What preoccupies the left? What preoccupies the right?
In both personal and public life, you can know a great deal about a person or a group if you know what most bothers them — and what doesn’t bother them.
A news item this past week made this point with glaring clarity. It reported a meeting that the United Nations Assistant Secretary-General for Human Rights had on Friday.
Before revealing the subject of that meeting, let’s review for a moment what is happening in the world regarding human rights.
North Korea continues to be an affront to the human species. That North Korea, whether or not it had nuclear weapons, is not a central concern is an indictment of humanity.
That the West, with the noble exception of Canada under Stephen Harper, is appeasing the dictators of Iran, is an indictment of the West.
Add to this list the U.N.’s and the world’s ignoring of the Chinese government’s continuing suppression of all dissent and its decades-long violent eradication of Tibet’s unique and ancient culture.
Then add the slaughter of millions in Congo over the last decade, the 100,000-plus killed in Syria just last year, most of them civilians killed by their own government, and the blowing up, burning alive, and throat-cutting of untold numbers of innocent people by violent Islamists on a daily basis.
In other words, if what bothers you most is evil — the deliberate infliction of cruelty on people by people — North Korea, Congo, China, Syria and radical Islam will bother you more than anything else on the world scene.
So, then, what was the subject of the meeting convened Friday by the United Nations Assistant Secretary-General for Human Rights?
The alleged racism of the name of the National Football League’s Washington team, the Redskins.
That’s right. All these horrific evils are happening as you read this, and the second-ranking official in charge of human rights at the United Nations had a meeting about the name Washington Redskins.
The U.N. is not alone in paying undue attention to the Redskins’ name. The left in the United States is nearly obsessed with it. President Barack Obama has spoken out against it. The Washington Post editorial board has demanded that the team drop the name. In the herd-like way that governs media, innumerable columnists and sports writers have written passionate columns against the name, and increasing numbers of sports writers have vowed to never again write or speak the name.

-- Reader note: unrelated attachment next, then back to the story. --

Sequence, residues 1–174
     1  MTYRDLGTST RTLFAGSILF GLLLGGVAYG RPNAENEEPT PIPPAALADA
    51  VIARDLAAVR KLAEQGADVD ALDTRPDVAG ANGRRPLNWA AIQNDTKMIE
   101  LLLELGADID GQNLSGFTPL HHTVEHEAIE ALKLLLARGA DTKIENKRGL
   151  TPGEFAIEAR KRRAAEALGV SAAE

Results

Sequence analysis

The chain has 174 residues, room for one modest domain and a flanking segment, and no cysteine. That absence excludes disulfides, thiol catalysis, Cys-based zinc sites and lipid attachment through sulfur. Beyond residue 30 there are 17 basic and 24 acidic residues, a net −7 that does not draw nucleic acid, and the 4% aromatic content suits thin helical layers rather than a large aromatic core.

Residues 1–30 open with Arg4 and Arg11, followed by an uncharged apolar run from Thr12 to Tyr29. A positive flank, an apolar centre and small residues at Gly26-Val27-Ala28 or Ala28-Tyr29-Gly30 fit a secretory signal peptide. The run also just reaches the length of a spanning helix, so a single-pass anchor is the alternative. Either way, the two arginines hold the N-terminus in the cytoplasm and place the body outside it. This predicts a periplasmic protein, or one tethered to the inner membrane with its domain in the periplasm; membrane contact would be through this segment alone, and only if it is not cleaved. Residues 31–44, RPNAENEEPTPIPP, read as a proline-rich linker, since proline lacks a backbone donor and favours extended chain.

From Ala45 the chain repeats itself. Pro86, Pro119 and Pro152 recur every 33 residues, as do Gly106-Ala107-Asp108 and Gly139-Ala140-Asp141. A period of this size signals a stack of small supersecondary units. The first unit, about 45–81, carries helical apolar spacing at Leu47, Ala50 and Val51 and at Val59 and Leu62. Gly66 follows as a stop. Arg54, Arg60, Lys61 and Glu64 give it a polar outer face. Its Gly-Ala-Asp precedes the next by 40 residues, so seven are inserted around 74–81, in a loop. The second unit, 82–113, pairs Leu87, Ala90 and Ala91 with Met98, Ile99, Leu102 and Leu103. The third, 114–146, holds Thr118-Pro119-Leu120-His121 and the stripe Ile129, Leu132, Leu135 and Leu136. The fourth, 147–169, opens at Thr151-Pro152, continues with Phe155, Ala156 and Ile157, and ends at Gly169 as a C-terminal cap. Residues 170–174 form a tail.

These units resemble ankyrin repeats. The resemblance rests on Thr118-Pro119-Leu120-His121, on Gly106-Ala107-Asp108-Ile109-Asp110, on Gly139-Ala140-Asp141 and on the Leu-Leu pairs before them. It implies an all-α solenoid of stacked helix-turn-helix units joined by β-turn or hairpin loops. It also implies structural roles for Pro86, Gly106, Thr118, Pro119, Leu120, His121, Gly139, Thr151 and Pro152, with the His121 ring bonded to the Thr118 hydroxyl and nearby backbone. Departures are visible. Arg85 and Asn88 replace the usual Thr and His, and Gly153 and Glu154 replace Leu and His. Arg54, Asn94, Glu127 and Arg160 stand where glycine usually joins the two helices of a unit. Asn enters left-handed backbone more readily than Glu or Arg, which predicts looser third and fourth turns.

This left-wing obsession with a non-evil exemplifies the left’s moral universe. That universe is preoccupied with lesser evils while nearly always ignoring the greatest evils.
Preoccupation with real evil is the greatest difference between right and left. The right was preoccupied with fighting Communism while the left (not liberals such as JFK, but the left) was preoccupied with fighting anti-Communists.
The right today is preoccupied with fighting Islamism; the left is preoccupied with fighting “Islamophobia.”
One way of putting it is that the right is preoccupied with fighting evil and the left is preoccupied with fighting those who fight evil.
The right is preoccupied with defending Israel against those who wish to annihilate it. The left is preoccupied with Israeli apartments on the West Bank.
This difference was made manifest last week in the address given by the one world leader to exemplify the right’s preoccupation with evil, Canada’s prime minister, Stephen Harper. Talking about all the condemnations of Israel, Harper said:
“Think about the twisted logic and outright malice behind that: a state, based on freedom, democracy and the rule of law, that was founded so Jews can flourish as Jews, and seek shelter from the shadow of the worst racist experiment in history, that is condemned, and that condemnation is masked in the language of anti-racism. It is nothing short of sickening.”
Only a conservative leader would have the moral courage to say that. Because while the right fights evil, the left fights the Redskins.
Dennis Prager’s latest book, “Still the Best Hope: Why the World Needs American Values to Triumph,” was published April 24, 2013 by HarperCollins.